There are always pros and cons. If nothing gets filmed, the chance of preventing something is smaller. But if everything gets filmed, we feel our privacy gets violated. I think that the answer to your question also depends on how people are going to use the information of the video surveillance camera. Is it just for safety, not accessible to a third party and does it get erased at the end of the week? Or is it accessible to a third party that can use the information for economic purposes? It also depends on the fact if people are keeping an eye on one certain person or that it’s just about the location getting filmed and the persons are individually not important, so it’s not necessarily about what people are doing there, but just about nothing bad happening there.
I can’t answer you question and I think nobody can. There are still lots of discussions about privacy, for example that you have to leave your fingerprints when getting an ID.
I also have one question about something you said in this part:
“But if this video would have been taken in their home, without their permission, it would be completely different. It changes from a coveillance (watching and being watched) to a sort of panopticum. The subject doesn’t know he is being watched so the filmer has the gaze (and so also the power).”
I understand that there’s a coveillance going on in the classroom, but I don’t really understand why there’s a panopticum when they’re at home. Normally they wouldn’t get watched in their home so they don’t know that there’s a possibility of getting watched (panopticum). Therefore, they’re not disciplining themselves and there’s no gaze that has a real affect on them. Or do you mean that there’s a chance neighbours hear you sing in the shower/ see you doing stuff through the window and their possible gaze is disciplining them?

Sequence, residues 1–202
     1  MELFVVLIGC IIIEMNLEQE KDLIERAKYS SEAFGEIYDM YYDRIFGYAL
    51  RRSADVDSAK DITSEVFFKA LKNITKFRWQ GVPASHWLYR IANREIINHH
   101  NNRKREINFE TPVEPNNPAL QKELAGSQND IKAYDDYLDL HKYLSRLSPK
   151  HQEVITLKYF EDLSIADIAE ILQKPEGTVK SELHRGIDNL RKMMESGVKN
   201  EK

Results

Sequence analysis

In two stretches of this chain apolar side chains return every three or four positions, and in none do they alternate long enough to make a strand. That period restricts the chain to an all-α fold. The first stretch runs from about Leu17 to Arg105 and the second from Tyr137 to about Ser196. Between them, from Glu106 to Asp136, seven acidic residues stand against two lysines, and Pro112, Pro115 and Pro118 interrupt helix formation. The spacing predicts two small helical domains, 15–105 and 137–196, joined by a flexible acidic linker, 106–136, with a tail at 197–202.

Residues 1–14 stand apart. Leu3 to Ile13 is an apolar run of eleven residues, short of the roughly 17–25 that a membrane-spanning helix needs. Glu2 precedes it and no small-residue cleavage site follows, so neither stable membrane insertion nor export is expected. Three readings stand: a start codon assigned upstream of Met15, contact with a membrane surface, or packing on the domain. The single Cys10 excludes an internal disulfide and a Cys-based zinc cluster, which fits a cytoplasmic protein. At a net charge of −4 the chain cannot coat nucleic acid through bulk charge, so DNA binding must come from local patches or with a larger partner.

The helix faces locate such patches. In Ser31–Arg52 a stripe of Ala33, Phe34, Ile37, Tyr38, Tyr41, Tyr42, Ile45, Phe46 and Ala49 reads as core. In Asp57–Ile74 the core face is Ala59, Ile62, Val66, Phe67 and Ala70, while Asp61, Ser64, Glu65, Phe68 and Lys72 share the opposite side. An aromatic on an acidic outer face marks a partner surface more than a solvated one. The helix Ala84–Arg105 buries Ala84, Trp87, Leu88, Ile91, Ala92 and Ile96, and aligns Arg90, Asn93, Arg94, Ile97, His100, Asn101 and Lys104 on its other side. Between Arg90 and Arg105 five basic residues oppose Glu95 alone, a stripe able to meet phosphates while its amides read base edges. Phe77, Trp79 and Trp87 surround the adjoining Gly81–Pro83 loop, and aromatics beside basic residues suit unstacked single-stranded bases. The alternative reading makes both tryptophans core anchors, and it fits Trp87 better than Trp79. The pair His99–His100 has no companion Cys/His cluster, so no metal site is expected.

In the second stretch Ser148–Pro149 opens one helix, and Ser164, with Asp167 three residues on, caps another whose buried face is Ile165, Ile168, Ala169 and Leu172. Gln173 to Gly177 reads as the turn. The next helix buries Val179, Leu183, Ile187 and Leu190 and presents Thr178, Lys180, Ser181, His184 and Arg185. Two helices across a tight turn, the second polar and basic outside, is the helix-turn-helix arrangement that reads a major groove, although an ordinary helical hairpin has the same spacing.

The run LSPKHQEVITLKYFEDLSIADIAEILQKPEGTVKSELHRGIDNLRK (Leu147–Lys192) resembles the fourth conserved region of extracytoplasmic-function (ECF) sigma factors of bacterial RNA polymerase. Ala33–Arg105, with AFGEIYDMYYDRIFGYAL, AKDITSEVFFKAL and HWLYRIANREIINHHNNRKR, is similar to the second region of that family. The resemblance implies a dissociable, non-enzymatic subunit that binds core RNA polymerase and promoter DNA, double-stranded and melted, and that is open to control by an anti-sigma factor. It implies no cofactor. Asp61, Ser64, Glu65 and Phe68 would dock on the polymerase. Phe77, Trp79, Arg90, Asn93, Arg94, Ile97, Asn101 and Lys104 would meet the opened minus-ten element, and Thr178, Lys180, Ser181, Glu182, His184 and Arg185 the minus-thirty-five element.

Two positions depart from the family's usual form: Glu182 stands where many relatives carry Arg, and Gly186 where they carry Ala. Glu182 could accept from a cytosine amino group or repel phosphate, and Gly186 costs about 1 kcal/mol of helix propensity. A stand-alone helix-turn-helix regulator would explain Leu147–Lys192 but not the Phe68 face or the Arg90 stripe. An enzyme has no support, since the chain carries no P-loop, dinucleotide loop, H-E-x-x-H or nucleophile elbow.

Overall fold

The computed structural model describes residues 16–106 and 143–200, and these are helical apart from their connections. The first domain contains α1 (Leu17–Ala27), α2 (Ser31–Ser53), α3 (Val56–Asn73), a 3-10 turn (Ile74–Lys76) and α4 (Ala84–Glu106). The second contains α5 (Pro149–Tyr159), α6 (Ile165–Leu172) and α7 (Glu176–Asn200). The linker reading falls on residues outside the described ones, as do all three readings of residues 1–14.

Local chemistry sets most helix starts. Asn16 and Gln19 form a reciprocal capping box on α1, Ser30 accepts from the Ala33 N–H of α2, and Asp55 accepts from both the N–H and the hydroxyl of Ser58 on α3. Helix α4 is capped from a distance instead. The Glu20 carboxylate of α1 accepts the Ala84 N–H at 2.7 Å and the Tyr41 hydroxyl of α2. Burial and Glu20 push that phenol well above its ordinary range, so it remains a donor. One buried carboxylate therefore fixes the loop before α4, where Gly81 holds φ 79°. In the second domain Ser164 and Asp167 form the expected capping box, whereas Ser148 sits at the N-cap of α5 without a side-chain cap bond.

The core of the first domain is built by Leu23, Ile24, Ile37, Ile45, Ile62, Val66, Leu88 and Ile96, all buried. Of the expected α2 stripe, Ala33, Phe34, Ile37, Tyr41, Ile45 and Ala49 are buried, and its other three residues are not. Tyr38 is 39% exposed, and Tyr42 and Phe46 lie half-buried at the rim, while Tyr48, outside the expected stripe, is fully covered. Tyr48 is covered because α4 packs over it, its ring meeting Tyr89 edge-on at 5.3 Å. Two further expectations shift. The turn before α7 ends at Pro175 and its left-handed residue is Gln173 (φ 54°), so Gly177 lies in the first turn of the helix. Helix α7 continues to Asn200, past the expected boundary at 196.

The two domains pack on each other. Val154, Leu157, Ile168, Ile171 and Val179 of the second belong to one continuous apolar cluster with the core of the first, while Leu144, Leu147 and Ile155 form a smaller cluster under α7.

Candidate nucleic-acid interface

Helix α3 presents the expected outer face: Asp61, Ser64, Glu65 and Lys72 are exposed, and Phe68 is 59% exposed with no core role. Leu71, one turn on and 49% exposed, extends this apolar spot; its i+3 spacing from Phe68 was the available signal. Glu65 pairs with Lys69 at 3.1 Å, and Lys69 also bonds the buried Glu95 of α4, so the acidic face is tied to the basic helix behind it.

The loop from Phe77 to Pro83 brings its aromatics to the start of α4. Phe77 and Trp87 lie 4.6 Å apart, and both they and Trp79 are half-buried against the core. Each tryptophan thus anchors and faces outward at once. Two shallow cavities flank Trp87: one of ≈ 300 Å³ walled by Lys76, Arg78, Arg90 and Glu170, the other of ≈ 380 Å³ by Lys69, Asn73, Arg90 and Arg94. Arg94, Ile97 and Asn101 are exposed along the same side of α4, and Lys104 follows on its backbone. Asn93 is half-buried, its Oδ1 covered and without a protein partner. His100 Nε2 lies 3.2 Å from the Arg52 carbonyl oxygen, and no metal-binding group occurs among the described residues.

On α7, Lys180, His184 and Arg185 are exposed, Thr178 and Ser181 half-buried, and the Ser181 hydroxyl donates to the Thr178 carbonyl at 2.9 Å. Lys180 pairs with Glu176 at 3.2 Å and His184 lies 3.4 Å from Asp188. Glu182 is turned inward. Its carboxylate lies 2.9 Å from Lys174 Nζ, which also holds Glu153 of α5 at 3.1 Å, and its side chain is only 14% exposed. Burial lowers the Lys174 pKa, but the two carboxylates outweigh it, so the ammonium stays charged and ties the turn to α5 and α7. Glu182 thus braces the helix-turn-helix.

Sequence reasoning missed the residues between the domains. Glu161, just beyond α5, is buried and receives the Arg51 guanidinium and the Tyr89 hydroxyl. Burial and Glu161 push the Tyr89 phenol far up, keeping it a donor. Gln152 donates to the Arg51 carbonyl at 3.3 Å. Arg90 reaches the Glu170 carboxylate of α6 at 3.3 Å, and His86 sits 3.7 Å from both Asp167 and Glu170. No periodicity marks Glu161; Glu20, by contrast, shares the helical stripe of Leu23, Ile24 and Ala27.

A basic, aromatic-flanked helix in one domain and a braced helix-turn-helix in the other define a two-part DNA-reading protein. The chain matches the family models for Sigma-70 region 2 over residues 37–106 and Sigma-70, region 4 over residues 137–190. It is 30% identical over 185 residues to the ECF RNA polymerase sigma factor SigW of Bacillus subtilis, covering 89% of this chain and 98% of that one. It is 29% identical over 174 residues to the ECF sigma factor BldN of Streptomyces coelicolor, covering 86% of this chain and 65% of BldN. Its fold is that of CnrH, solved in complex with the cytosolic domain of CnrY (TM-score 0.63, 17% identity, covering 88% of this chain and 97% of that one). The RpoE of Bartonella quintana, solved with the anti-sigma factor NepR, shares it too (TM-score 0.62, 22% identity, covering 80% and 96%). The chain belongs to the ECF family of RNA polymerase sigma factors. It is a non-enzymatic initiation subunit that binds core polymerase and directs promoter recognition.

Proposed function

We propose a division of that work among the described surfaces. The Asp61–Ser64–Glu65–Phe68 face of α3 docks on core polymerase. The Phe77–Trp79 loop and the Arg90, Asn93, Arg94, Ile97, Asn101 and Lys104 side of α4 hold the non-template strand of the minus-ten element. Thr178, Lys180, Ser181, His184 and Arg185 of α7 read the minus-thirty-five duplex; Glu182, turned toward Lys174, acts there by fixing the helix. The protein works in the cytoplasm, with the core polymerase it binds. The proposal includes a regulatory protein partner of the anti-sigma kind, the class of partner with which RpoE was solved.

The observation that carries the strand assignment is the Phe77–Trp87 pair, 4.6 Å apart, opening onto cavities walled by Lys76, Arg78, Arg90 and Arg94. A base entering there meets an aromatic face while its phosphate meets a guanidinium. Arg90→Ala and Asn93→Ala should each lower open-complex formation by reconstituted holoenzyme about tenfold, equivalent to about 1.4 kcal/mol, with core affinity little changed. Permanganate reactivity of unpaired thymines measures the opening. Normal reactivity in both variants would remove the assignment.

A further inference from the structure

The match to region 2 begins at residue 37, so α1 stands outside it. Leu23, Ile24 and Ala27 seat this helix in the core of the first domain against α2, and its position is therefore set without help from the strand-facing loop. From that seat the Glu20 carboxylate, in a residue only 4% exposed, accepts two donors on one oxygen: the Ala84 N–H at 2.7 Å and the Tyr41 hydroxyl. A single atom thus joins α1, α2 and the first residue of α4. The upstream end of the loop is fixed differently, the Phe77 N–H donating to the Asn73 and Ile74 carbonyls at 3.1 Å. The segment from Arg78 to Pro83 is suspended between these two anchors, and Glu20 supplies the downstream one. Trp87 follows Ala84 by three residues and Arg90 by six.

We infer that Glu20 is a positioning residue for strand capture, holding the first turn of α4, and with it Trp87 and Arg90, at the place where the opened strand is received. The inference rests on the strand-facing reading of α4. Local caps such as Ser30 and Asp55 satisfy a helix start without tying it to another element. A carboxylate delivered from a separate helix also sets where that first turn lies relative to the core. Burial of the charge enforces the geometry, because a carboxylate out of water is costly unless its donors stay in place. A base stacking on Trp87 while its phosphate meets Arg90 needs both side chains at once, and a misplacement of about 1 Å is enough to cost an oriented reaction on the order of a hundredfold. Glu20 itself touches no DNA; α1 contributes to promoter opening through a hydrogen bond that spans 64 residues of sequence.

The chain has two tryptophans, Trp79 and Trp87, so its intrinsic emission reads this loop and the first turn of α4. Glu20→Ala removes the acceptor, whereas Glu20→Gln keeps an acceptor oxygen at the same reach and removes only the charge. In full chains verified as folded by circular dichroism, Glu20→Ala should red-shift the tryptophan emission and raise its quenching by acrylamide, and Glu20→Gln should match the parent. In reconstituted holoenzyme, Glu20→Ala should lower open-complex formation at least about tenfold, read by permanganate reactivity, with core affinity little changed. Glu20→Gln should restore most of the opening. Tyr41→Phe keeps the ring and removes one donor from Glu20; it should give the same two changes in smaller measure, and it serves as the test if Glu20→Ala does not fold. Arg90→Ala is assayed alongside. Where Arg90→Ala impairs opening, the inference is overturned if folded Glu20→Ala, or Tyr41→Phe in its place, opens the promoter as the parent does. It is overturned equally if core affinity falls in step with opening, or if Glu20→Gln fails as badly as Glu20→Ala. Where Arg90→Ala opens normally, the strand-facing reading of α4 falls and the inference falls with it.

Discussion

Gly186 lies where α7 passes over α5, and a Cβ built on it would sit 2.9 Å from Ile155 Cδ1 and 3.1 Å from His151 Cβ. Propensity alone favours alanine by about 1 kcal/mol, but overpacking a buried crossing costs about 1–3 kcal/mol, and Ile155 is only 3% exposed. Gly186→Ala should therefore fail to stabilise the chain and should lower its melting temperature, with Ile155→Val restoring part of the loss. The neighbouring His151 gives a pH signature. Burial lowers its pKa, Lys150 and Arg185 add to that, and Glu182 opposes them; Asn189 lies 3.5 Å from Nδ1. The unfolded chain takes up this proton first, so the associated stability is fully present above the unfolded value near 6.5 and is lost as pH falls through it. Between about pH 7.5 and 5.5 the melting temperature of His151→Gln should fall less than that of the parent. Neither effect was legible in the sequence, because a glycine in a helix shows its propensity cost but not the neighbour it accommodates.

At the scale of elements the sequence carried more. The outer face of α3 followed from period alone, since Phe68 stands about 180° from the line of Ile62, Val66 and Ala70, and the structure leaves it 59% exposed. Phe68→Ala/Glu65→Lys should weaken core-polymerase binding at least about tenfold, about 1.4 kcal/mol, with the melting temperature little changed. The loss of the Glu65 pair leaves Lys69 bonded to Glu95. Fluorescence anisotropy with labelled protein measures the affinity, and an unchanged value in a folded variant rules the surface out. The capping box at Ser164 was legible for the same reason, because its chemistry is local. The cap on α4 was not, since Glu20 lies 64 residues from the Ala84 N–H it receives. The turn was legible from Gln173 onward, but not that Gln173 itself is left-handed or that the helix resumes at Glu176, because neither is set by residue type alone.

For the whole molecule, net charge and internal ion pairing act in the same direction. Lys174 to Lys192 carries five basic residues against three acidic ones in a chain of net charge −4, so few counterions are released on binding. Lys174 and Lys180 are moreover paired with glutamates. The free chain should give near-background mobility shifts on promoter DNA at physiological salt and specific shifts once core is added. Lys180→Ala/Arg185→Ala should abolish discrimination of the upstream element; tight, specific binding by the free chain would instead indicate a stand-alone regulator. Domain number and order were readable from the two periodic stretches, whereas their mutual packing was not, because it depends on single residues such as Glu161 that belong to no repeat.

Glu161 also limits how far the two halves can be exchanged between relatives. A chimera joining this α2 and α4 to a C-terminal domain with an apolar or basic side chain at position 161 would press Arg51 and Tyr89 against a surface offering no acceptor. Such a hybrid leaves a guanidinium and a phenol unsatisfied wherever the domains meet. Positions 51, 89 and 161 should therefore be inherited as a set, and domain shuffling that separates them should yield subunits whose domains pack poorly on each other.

A video surveillance sign of ‘Every Breath You Take’. I like the way a song can have a whole different interpretation. Now, the words sound a lot scarier than they were originally intended. The words perfectly describe our surveillance-society where everyone’s is being watched. Through internet it only got worse: companies, search engines etc. can follow your surfing behaviour.
In class we talked about the notion of ‘absent presence’. Absent presence is the idea that a person is virtually present in the digital realm, but physically absent. Through the principle of absent presence, a person’s identity can be bended: you can be a boy in the physical space, but you can represent yourself as a girl in the virtual space.
We also talked about how this identity bending can be seen as an online therapeutic session. I really liked this idea of identity bending being therapeutic. I see it as the virtual realm providing people a second chance: When you’re not in a good situation in the physical reality, having all sorts of problems or having built up a bad reputation that you just can’t rid off, the virtual platform can give you a clean slate.
When you feel like your identity contains more than you’re showing in your physical reality, you can look for identity freedom in the virtual realm. You can form your own identity the way you want it to be or you can express yourself without anyone recognizing you and judging you. You can be a famous writer on the internet, but maybe a regular bus driver in ‘real life’. At one time, people can see this virtual reality where they can freely express themselves as their new reality. It’s a space in which they can find new satisfactions.
You cannot only use the internet as a liberating platform to express several sides of your own identity or to create a new identity, but you can also use it as a platform to express your real identity. An example we talked about in class is the gay community. There are places in the world or communities where homosexuals are not fully accepted. In some cases it can be very dangerous to come out as homosexual. For those people that can’t fully express their real identity, internet communities can function as a platform to speak your mind without any judgements. It’s a way to say the things you want to say and to feel the things you want to feel when you can’t in your physical reality. Because of this, people with the same problems can connect and stimulate positive responses, helping people virtually with affects in their physical space. People get a feeling of belonging, gaining hope and they can put their physical life into perspective, knowing that there are people with the same problems as they have. In this way I think that ‘absent presence’ has a positive influence on life.